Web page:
Tom Y. Fujimoto, who served his country as an Army translator and preserved his cultural heritage as a leader in Japanese American groups, died Feb. 11 of heart failure, his family said. He was 87.
A Sacramento native, Mr. Fujimoto was drafted while imprisoned with other Japanese Americans at Tule Lake internment camp during World War II. He served in the Military Intelligence Service, a unit of Japanese American soldiers who trained as linguists and were assigned to combat groups in the Pacific.
Deployed to the Philippines and Japan, he translated codes, interrogated prisoners of war and served as a liaison between U.S. military and Japanese officials to help rebuild the occupied country. In 2011, he was among 1,250 Japanese American veterans of the Military Intelligence Service, the 100th Infantry Battalion and the 442nd Regimental Combat Team who were awarded the Congressional Gold Medal for their service in WWII.
Mr. Fujimoto was a former president of the Sacramento chapter of the Japanese American Citizens League and the Military Intelligence Service Association of Northern California. He belonged to the Sacramento Regional Japanese American Historical Project and the National Japanese American Historical Society.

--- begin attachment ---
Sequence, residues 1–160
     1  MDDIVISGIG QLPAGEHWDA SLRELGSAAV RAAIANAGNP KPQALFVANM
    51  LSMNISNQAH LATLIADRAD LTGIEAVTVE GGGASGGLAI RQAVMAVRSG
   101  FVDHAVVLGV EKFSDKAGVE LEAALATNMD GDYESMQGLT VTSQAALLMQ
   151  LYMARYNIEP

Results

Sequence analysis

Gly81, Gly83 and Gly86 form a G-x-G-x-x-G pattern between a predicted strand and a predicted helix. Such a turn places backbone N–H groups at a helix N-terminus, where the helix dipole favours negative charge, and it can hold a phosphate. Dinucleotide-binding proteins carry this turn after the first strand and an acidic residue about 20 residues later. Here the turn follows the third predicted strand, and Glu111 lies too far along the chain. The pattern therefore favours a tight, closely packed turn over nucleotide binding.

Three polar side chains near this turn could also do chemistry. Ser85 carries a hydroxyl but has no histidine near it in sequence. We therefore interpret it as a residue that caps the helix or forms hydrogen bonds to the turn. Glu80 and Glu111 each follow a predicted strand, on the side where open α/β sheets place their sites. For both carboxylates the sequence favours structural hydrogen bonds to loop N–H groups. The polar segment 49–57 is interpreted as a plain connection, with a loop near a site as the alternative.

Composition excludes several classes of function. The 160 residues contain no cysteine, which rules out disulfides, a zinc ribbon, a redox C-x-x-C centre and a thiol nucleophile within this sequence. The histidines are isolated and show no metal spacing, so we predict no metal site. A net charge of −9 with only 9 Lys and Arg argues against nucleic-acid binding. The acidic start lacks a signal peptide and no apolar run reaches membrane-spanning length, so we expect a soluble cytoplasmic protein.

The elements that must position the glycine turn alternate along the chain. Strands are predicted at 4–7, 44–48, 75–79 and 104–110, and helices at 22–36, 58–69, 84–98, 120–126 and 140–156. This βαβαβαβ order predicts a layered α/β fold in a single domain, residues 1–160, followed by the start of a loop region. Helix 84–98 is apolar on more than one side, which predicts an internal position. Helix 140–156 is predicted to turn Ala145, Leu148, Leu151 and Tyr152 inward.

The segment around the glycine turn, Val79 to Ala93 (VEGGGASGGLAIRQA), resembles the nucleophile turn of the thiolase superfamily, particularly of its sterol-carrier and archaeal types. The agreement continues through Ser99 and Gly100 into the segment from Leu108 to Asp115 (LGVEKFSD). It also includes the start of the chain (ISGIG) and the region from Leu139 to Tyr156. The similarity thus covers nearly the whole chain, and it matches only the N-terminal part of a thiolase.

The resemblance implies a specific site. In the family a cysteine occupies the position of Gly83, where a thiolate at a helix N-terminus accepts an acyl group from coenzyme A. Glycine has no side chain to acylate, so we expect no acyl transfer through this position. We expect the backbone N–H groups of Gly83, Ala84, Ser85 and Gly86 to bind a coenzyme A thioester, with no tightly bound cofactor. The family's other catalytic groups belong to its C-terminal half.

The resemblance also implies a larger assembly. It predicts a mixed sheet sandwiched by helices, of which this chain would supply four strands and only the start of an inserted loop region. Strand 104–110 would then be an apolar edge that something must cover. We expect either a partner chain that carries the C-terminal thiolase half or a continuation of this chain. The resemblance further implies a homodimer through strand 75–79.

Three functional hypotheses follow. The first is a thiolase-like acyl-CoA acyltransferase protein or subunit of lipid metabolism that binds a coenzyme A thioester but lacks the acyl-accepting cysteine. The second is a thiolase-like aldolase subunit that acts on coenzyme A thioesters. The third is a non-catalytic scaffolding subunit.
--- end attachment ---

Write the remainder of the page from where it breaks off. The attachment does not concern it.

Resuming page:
He also helped preserve the El Dorado County site of the Wakamatsu Tea and Silk Farm Colony. Every spring for many years, he joined volunteers in clearing the outdoor historical marker where a group of Japanese immigrants arrived in 1869 with plans to build a community in Gold Hill near Coloma.
"These are the roots of the Japanese people here in the United States," he told The Bee in 1994.
Born Nov. 3, 1925, Mr. Fujimoto was a student at Lincoln High School when his family was interned at Tule Lake, where he graduated. He worked at the state Department of Water Resources for 41 years and retired in 1991 as assistant executive director of the California Water Commission.
Mr. Fujimoto was predeceased by his wife of 53 years, Aimie. He is survived by his children, Michael, Susan Young and Lori Kurosaka, all of Sacramento; sisters, Stella Otsuka of Westminster, and Teruko Uyeda of San Jose; and a granddaughter.
A memorial service is set for 2 p.m. today at Sacramento Buddhist Church, 2401 Riverside Blvd., Sacramento. In lieu of flowers, donations may be made to Asian Community Center Nursing Home or Sacramento Asian Sports Foundation.